Brazil Is Confronting an Epidemic of Anti-Gay Violence

Andrew Jacobs – The New York Times, 07/05/2016

RIO DE JANEIRO — The assailant struck as Gabriel Figueira Lima, 21, stood on a street two weeks ago in a city in the Amazon, plunging a knife into his neck and speeding off on the back of a motorcycle, leaving him to die.

A few days earlier, in the coastal state of Bahia, two beloved teachers,Edivaldo Silva de Oliveira and Jeovan Bandeira, were killed as well, their charred remains found in the trunk of a burning car.

Late last month, it was Wellington Júlio de Castro Mendonça, a shy, 24-year-old retail clerk, who was bludgeoned and stoned to death near a highway in a city northwest of Rio.

Read More…

Missing ex-Gitmo detainee unnerves Brazil

Joe Leahy – Financial Times, 07/06/2016

Brazilian police are trying to locate a former detainee of the US military prison at Guantánamo Bay after reports of his disappearance from Uruguay caused alarm in the country only a month before it is due to hold the 2016 Olympics.

The Uruguayan media reported that the former US prisoner, Jihad Ahmed Mujstafa Diyab, had been missing from his adopted home for three weeks and had possibly gone to Brazil.

“The federal police states that it has taken diverse measures and until now there is no confirmation of the entrance or presence of this foreigner on national soil,” the Brazilian federal police said in a statement.

Read More…

 

Brazilian First Responders: “You Will Not Be Safe in Rio”

Darek Michael Wajda – NBC News, 06/28/2016

Less than two months before the Olympics, Brazilian first responders made a statement intended for an international audience.

Upon arrival to the Rio de Janeiro — Galeão International Airport, police, firefighters, and other first responders held signs that read, “Welcome to Hell.”

First responders have said they are fed up with late paychecks and poor working conditions and have concerns for the public’s safety.

Brazil’s Shuttered Anti-Doping Lab

Matt Vasilogambros – The Atlantic, 06/24/2016

Rio de Janeiro may not have an anti-doping laboratory for the Olympic Games this summer.

The World Anti-Doping Agency said Friday it was suspending the city’s accredited laboratory from conducting tests on urine and blood samples due to “non-conformity” with the International Standard for Laboratories. The suspension, which took place Wednesday, will remain in place until the Brazilian Doping Control Laboratory “is operating optimally.” WADA did not specify on the lab’s shortcomings.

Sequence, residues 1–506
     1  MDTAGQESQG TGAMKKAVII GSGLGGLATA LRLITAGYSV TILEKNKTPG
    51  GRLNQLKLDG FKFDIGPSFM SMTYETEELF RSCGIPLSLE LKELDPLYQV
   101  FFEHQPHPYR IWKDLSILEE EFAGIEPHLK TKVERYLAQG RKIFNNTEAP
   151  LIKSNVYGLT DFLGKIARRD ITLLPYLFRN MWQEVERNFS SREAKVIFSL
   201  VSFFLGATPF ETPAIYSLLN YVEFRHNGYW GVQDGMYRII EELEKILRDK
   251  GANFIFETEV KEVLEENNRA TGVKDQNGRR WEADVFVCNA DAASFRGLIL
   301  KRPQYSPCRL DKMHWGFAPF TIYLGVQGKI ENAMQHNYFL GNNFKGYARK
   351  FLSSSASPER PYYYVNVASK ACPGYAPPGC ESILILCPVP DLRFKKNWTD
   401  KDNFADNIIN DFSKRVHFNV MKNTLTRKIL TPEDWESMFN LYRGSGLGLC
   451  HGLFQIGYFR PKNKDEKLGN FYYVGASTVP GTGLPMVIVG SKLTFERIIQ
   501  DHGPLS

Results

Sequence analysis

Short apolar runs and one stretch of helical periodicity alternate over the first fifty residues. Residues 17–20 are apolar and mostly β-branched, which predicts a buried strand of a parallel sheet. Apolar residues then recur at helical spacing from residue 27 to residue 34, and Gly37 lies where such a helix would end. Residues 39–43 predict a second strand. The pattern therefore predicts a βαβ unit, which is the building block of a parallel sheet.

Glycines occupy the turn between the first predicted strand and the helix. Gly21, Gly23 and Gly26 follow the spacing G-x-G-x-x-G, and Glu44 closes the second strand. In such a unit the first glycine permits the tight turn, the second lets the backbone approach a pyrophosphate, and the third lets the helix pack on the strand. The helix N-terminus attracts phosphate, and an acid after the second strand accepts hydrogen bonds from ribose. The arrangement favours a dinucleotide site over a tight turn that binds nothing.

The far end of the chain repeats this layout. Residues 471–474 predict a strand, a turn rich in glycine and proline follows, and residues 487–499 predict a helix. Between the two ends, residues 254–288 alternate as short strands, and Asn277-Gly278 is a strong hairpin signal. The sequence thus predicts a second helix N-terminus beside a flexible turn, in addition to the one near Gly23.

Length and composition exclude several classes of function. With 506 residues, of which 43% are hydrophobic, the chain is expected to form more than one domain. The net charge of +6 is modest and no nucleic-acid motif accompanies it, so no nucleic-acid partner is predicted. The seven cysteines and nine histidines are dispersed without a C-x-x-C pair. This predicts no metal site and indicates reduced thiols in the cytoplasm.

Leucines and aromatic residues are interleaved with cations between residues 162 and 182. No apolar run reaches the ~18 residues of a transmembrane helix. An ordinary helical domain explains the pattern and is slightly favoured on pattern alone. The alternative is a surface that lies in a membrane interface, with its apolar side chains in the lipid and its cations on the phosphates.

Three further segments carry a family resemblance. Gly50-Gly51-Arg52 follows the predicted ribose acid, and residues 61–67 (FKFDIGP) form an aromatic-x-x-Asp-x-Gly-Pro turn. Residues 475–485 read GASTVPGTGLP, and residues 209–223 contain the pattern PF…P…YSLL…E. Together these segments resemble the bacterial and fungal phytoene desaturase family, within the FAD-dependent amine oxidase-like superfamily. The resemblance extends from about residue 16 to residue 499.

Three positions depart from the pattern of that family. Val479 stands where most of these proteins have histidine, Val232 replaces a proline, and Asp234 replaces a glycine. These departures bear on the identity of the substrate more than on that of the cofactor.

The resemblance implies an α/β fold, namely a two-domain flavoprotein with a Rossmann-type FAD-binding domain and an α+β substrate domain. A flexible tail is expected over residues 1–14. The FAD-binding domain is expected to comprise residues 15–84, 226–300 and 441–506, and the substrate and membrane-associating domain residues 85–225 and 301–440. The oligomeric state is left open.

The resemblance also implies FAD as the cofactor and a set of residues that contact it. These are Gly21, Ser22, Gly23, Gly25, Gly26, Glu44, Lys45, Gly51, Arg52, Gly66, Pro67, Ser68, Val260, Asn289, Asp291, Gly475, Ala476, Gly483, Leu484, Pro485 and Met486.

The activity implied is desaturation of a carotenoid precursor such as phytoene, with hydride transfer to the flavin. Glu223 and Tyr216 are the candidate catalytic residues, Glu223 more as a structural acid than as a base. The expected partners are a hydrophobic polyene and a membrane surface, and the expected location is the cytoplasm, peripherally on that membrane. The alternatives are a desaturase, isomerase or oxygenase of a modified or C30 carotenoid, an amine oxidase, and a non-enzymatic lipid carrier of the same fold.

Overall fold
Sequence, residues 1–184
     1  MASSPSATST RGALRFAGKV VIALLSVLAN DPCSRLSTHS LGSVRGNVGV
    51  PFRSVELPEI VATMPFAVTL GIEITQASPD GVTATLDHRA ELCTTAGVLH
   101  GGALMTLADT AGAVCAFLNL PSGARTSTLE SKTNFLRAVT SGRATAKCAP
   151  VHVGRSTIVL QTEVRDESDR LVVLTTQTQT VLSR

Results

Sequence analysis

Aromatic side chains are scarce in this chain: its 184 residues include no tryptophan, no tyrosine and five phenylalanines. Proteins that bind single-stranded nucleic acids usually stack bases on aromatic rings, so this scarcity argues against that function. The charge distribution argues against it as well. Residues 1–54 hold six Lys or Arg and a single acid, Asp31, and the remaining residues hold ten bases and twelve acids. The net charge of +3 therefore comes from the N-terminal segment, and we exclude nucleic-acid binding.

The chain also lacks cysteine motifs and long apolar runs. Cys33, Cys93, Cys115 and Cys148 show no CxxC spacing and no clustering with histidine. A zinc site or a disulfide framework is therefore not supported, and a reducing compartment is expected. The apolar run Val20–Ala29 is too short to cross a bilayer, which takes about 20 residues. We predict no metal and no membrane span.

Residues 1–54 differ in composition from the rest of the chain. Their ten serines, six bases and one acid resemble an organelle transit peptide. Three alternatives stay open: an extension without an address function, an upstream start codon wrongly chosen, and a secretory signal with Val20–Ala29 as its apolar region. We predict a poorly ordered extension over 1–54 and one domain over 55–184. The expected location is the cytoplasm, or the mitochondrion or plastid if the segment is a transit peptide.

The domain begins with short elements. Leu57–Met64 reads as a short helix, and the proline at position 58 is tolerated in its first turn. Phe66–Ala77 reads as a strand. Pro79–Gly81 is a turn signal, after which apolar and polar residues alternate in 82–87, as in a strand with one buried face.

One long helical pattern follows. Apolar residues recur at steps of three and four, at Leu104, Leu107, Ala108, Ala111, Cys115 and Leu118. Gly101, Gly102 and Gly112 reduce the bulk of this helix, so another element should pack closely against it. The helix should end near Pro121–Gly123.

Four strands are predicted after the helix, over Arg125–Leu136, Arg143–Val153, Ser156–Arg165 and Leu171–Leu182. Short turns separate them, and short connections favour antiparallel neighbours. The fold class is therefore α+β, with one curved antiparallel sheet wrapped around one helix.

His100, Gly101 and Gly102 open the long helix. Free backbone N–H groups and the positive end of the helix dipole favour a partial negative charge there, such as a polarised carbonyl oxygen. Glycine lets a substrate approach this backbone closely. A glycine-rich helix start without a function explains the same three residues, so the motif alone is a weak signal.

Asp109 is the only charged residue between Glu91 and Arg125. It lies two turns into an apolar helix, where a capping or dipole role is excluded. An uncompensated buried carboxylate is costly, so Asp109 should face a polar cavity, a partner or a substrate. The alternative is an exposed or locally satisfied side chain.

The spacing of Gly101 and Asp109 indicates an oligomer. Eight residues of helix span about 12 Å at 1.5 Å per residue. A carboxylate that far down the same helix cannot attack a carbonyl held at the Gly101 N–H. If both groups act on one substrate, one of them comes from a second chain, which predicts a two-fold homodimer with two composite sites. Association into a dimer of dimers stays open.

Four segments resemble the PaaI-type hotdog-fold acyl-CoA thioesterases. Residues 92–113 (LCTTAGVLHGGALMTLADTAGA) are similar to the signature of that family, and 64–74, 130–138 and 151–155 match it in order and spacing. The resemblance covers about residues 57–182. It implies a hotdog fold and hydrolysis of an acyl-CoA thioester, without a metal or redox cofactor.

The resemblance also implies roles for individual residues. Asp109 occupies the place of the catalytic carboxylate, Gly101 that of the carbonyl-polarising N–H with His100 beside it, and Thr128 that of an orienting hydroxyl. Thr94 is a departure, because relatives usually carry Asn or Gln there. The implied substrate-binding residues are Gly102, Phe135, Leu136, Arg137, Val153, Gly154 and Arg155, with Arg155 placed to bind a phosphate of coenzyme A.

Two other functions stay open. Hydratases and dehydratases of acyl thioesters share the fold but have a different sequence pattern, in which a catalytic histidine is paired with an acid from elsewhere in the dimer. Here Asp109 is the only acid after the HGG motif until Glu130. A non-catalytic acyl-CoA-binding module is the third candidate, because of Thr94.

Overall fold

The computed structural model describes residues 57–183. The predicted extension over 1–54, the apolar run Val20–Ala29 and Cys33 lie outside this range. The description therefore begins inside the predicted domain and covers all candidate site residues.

Announcing the suspension, Olivier Niggli, the incoming director general of WADA, said:

“The Agency will ensure that, for the time being, samples that would have been intended for the Laboratory, will be transported securely, promptly and with a demonstrable chain of custody to another WADA-accredited laboratory worldwide. This will ensure that there are no gaps in the anti-doping sample analysis procedures; and that, the integrity of the samples is fully maintained.”

Read More…

Brazil’s Acting President OKs Transfer of $849 Million to Rio de Janeiro State

Paul Kiernan and Paulo Trevisani – The Wall Street Journal, 06/22/2016

RIO DE JANEIRO—Acting Brazilian President Michel Temer authorized on Tuesday the transfer of 2.9 billion reais ($849.0 million) from the federal government to Rio de Janeiro state, which is struggling with a fiscal crisis less than two months before the Olympic Games.

Rio declared a “public calamity” last week as a result of its deteriorating finances, which have forced deep cuts to crucial services such as education, health care and policing in recent months.

According to a presidential decree published late Tuesday, the transfer is to be used for public security during the Olympics and Paralympics, set to be held in August and September, respectively. But according to a communications official in Brazil’s presidential palace, it should free up funds within Rio’s state budget to pay for other obligations.

Read More…

 

Residents in Brazil’s notorious City of God are ‘scared to death’ of US shootings

Will Carless – PRI, 06/14/2016

“Where should I shoot you? In the hand or the foot?” That’s the menacingly cruel line uttered by Li’l Zé in the 2002 movie “City of God.” Zé is threatening two small boys, maybe 6 or 7 years old, with a shiny handgun, after catching them with a group of kids who were disrespecting him.

The little boys hold out their hands. Zé shoots them each in the foot, and laughs. Then he orders another kid to pick one of them to kill.

It’s one of many shocking scenes in the film, a visceral statement on the senseless violence that sometimes happens in Brazil’s favelas.

Listen to the Interview…

 

Bugging in Brazil Exposes Fear of Biggest Betrayal Yet